Feds Keep Too Many Secrets, Panel Says
A congressional commission chided the government Tuesday for keeping too many secrets, even blaming a “culture of secrecy” for feeding conspiracy theories about the assassination of President Kennedy.
“A majority of the American people think that the CIA was involved in the assassination of John F. Kennedy,” said Sen. Daniel Patrick Moynihan, D-N.Y.
“That is a very bad thing.”
Moynihan, chairman of the 12-member commission, had a blunt message to the agencies that classify mountains of government information each year: “Knock it off!”
The Commission on Protecting and Reducing Government Secrecy, after a two-year review, urged that classification be kept to “an absolute minimum.”
The report found that as a legacy of the Cold War far too much official information is unnecessarily stamped “secret” and then locked away for decades by government bureaucrats and functionaries.
Moynihan suggested that many of the Kennedy conspiracy theories could have been debunked long ago if historians had access to the government’s still-secret files.
“Americans are familiar with the tendency to overregulate in other areas. What is different with secrecy is that the public cannot know the extent or the content of regulation,” said the commission, which found that 2 million federal officials and 1 million people in industries working with the government have authority to keep documents and data secret.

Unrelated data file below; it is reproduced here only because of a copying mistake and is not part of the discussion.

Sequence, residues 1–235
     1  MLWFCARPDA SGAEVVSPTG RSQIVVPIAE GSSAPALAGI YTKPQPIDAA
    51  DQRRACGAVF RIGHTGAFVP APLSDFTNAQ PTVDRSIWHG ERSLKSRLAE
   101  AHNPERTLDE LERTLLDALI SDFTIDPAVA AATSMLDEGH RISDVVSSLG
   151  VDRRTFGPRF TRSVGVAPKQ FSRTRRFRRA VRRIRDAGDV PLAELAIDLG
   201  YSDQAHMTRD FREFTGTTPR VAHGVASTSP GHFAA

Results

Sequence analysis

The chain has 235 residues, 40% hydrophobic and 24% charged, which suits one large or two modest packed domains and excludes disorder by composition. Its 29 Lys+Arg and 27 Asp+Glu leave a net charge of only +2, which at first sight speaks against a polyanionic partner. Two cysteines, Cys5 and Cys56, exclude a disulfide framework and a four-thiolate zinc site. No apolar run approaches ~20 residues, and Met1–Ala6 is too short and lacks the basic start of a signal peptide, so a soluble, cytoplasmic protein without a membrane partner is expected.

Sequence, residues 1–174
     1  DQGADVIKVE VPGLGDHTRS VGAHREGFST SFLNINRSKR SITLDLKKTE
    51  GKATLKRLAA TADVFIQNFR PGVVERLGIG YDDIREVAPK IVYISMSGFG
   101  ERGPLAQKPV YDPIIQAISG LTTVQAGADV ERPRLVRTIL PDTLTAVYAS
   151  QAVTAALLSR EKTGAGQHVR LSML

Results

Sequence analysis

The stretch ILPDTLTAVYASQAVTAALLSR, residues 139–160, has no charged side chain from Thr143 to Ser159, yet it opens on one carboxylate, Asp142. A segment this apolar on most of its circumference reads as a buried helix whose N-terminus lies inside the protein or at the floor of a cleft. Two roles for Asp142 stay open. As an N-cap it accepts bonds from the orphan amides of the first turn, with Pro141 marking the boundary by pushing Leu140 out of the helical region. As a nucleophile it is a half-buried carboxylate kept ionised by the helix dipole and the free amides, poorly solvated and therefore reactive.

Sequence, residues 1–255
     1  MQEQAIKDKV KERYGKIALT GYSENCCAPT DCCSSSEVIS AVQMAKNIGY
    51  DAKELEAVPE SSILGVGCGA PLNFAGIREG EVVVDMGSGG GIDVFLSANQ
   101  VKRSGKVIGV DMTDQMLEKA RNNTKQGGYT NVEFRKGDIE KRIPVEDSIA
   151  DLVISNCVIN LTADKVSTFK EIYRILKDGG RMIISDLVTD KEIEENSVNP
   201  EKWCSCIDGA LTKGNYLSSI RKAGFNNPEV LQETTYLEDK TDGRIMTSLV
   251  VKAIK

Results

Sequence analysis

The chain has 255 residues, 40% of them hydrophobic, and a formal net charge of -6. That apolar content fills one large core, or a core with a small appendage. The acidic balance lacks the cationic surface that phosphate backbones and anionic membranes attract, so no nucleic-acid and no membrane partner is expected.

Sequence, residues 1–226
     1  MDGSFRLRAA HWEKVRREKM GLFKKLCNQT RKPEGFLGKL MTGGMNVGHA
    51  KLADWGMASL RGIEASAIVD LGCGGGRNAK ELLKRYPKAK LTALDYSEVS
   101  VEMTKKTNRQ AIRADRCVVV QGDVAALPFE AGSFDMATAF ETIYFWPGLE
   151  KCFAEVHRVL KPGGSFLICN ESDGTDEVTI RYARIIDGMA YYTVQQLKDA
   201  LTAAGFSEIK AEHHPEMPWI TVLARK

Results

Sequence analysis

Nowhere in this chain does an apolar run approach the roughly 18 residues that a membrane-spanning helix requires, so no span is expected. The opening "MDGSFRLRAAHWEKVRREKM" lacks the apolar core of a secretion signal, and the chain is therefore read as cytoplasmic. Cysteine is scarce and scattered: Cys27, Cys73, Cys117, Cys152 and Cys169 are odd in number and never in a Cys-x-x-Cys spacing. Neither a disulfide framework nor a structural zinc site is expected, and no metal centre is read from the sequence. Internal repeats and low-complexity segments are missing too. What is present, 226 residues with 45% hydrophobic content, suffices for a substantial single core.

Rep. Lee Hamilton, D-Ind., a commission member, said none of the panel’s members “wants to make it more difficult for national security officials to carry out their responsibilities.”
However, he said, “we have gone overboard. We do not always carry out our responsibility to balance protecting national security secrets while making public as much information as we can.”
The bipartisan panel unanimously approved the report and delivered it to the White House on Monday.
Rep. Larry Combest, R-Texas, also a member of the panel, said that “excessive secrecy can and will erode respect for government.”
But even with the collapse of the Soviet Union, Combest said, “espionage is not over. Threats against the United States, its citizens, its soldiers and its vital national interests are not over.”
John Podesta, a White House deputy chief of staff and member of the commission, said President Clinton welcomes the proposals.
The commission recommended legislation defining what should be kept classified, and creation of a National Declassification Center to oversee federal policy on secrets.
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